Maple Tree Disease

Maple trees can become infected by several different diseases, such as Sapstreak disease, Verticillium wilt, Anthracnose and Tar Spot. Anthracnose is not a single disease; the name instead refers to a group of diseases caused by a collection of closely related fungi species. In a similar way, Tar Spot can be caused by several different fungi species from the genus Rhytisma.


Sapstreak is caused by a species of fungus named Ceratocystis coerulescens. As far as we know, only Sugar Maple seems to be affected by this fungus. During the initial stage, you can notice how parts of the foliage, or the entire foliage, becomes dwarfed. The disease will then worsen over the course of several years, and a maple tree where only parts of the foliage was dwarfed at first will eventually have the foliage of its entire crown dwarfed. Parts of the crown will begin to die, and after 3-4 years the entire maple tree will be dead. The disease will not only affect the foliage, the lower stem and the root system will become stained. If you open up an infected tree you can see the characteristic radiating Sapstreak disease pattern in the wood.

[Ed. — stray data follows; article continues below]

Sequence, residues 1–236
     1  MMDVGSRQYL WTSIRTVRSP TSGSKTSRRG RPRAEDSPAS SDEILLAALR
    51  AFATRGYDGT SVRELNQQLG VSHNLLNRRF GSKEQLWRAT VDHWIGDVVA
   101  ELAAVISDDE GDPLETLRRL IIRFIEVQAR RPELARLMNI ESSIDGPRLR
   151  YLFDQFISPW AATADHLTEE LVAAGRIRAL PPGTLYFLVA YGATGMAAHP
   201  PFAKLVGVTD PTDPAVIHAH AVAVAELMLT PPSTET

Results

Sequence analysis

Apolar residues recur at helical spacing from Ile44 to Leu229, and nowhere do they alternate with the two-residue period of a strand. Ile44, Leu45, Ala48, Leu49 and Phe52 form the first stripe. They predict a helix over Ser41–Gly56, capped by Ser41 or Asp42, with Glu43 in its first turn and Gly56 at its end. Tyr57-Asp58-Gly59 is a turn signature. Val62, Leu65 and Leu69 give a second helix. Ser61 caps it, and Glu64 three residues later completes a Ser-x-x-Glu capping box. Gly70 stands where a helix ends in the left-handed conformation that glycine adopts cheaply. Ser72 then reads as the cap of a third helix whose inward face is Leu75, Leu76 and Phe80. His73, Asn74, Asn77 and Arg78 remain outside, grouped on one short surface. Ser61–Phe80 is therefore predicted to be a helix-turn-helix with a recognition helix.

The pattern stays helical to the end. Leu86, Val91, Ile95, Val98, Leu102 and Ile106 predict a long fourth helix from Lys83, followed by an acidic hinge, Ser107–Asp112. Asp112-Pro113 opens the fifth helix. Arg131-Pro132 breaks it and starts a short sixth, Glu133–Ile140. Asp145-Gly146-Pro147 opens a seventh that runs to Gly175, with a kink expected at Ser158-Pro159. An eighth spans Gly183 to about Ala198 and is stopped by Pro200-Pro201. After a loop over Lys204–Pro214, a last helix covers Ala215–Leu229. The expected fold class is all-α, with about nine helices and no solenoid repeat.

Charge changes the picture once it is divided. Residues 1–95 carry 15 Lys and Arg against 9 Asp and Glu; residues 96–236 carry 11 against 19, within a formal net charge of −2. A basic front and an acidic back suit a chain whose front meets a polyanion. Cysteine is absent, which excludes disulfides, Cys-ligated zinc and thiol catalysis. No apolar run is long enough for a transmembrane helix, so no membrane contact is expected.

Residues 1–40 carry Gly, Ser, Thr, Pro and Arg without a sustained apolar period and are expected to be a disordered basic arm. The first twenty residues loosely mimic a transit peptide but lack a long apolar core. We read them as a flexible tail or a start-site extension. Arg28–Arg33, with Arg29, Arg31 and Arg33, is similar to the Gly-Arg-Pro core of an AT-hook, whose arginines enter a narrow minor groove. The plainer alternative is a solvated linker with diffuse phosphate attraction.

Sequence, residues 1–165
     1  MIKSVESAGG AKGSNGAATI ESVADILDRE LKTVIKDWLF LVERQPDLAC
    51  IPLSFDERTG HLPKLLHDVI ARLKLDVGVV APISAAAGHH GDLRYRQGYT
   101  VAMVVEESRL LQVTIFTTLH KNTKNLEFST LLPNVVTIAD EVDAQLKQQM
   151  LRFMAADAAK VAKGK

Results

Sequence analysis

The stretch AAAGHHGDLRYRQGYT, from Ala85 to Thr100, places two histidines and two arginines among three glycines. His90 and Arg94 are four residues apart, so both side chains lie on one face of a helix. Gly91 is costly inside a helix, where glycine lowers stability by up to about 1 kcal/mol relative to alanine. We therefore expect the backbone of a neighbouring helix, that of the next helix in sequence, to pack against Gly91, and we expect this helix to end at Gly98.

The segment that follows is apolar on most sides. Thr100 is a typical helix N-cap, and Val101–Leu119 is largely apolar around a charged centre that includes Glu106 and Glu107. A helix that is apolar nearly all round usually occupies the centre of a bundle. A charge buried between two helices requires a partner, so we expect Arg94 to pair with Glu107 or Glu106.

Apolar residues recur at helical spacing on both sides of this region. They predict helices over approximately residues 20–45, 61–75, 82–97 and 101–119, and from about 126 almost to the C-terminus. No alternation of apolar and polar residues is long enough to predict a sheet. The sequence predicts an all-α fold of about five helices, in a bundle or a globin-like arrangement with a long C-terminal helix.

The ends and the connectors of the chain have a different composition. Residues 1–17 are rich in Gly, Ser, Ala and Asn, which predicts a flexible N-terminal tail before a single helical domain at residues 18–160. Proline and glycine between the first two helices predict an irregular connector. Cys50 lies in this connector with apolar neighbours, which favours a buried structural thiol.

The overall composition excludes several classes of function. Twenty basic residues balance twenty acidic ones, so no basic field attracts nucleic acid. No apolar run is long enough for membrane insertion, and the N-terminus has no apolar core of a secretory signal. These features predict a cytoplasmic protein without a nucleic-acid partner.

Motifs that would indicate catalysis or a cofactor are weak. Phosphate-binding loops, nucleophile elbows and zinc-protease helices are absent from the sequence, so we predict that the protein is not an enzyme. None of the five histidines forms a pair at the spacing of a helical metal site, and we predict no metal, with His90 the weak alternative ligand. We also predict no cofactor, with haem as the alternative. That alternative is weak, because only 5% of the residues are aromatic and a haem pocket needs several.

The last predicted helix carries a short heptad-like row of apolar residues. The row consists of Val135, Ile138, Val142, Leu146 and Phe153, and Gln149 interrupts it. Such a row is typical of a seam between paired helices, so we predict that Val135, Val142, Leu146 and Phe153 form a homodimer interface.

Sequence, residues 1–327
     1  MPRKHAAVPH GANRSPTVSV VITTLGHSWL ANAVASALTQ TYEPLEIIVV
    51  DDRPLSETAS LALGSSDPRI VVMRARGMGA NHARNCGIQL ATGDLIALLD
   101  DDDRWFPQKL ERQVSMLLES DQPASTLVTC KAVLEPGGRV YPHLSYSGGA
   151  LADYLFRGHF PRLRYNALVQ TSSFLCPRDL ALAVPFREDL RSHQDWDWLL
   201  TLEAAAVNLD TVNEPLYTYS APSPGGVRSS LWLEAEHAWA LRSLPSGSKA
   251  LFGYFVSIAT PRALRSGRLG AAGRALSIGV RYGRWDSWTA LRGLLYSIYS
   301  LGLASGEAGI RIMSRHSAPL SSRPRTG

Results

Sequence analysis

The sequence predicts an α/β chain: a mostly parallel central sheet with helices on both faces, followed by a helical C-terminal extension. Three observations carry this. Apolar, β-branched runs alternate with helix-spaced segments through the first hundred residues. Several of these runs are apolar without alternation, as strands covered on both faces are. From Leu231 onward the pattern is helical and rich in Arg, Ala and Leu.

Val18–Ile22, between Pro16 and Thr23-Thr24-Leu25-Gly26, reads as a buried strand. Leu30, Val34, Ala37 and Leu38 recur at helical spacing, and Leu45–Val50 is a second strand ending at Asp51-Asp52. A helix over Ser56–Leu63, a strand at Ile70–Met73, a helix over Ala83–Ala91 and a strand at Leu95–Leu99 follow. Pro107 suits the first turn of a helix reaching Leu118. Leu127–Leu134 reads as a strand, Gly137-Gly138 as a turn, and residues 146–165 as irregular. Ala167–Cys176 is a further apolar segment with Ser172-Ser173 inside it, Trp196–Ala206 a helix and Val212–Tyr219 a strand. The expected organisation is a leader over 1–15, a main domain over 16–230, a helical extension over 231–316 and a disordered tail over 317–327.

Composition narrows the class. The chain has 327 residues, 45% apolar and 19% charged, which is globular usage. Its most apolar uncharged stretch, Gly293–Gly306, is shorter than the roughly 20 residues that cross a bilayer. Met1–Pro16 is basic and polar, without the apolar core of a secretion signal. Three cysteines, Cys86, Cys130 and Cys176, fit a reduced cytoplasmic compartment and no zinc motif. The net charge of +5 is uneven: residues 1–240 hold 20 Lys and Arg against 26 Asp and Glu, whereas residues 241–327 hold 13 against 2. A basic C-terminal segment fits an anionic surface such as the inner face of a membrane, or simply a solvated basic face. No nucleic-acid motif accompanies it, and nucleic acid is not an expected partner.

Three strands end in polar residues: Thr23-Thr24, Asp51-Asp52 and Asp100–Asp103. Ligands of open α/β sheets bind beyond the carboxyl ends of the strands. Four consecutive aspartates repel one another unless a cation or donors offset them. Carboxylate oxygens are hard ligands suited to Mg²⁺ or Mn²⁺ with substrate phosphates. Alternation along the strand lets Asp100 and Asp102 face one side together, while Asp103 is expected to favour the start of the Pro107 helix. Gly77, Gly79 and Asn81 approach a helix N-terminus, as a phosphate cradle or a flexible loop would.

Verticillium wilt

This disease is also known simply as Maple wilt, and is caused by the soil-borne Verticillium fungus. The resistance against Verticillium varies a lot between different species and the Norway maple tree seems to be especially prone to contract this disease. Silver maple, Red maple, Japanese maple and Sycamore maple are also known to be quite susceptible to this disease.